3. Anne said,

    Hello. I came to your blog through @courosa’s twitter. I like your starting point- digital storytelling is a continuation of storytelling that started around a fire. The only thing is that while web 2.0 tools are fabulous for creating and publishing stories, they are disembodied. Campfire stories unite. Sitting shoulder to shoulder, faces to the fire and backs to the night bring a sense of community. Most of us are one on one in front of a screen. While digital stories can be compelling, they don’t knit the audience into a community. (Virtual communities are only that- virtual! They don’t generally help you buck up a tree or bring tuna casserole when there’s a family crisis.

    • tchcruiser said,

      Hi Anne – thanks for dropping by and leaving a response. It is really appreciated. I am thinking about what you are saying and frankly, I am in agreement with you in many ways. I, too, struggle with the isolated nature of the digital community and the inability to see everyone around the circle at the same time. I guess that is what I was referencing when I mentioned about the seeing of the reaction of the audience while you are telling the story around the fire and can adjust accordingly. I think digital story telling is maybe just beginning to make us re-think our definition and understandings of what community and audience are. Do they have to be simultaneously connected with the time of the original story telling, or can they be in different times and spaces? I am thinking that the response from and within the audience/community to the story and to the story teller and their interpretation and story telling style is the most important component. The added sense of unity that comes as a result of building and nurturing community allows for this kind of support in times of difficulty and celebration and is more a characterstic of quality time spent together sharing ideas, emotions and experiences, not always a sharing of geographical space. I think that a virtual community might not be able to physically help you because of the geographical distances that separate you, but they might be very willing if they were closer :), and can still support those they care about and connect with by providing words of encouragement, helpful advice and tips. It is the best even those who are family can do at times in times of difficulty when they are separated – but it does not mean they don’t wish they could do more πŸ™‚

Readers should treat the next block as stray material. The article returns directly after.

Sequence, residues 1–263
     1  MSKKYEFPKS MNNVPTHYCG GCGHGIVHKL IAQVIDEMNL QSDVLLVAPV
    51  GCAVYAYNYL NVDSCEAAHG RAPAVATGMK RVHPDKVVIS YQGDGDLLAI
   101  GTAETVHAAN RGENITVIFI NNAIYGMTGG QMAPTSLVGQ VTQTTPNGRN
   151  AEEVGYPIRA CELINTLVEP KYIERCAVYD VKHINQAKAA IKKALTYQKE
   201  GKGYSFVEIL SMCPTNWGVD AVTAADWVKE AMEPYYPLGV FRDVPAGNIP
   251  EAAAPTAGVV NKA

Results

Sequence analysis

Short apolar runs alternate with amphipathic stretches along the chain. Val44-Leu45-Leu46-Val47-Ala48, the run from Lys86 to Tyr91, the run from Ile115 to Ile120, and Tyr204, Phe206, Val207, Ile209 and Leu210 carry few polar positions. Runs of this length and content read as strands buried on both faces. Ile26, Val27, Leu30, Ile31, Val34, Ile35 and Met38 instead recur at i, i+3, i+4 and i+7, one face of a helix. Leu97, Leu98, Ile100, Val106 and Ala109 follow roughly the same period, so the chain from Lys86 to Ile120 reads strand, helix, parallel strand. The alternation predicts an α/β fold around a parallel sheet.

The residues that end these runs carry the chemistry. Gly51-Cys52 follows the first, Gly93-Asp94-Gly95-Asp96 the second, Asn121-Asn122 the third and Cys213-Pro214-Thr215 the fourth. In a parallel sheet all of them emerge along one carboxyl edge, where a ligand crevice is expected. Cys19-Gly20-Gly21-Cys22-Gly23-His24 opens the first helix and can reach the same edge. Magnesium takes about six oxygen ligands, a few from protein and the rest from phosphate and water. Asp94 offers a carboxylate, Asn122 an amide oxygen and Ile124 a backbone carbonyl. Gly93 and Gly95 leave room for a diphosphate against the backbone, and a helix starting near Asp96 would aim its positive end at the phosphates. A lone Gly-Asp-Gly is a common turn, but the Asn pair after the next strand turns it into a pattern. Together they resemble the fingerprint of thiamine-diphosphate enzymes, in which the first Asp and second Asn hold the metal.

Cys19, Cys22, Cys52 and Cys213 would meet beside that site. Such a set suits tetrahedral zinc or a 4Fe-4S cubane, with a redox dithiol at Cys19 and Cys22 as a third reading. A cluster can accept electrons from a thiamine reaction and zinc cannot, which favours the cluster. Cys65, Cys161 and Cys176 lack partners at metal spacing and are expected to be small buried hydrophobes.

4. Jeffg said,

    Well said! I moved away from Ontario where all my family is and I can recall many campfire stories being told. The stories were meant to entertain but most importantly they were meant to educate. My grandfather told the best stories, I guess his experiences guided him to share his ideas…to this day, I am not sure if all of his stories were true but they did leave a lasting impression in my mind. Thanks for hitting a chord!

    • tchcruiser said,

      Jeff, thanks for the response. I think you might also see (and agree) in Anne’s reply below that those campfire stories are also a time and opportunity to unite as a community as well as to be entertained and educated. I wonder what you think about her comment about community building and audience in a digital story telling space? I guess for me the campfire is a symbolic representation of a safe space for sharing experience where you know you will be heard and get a response. πŸ™‚

  5. busybusinessteacher said,

    Your writing reminded me about the usefulness of digital storytelling in First Nations cultures. I love the images that went through my mind as I read your post. Thank you, Bettina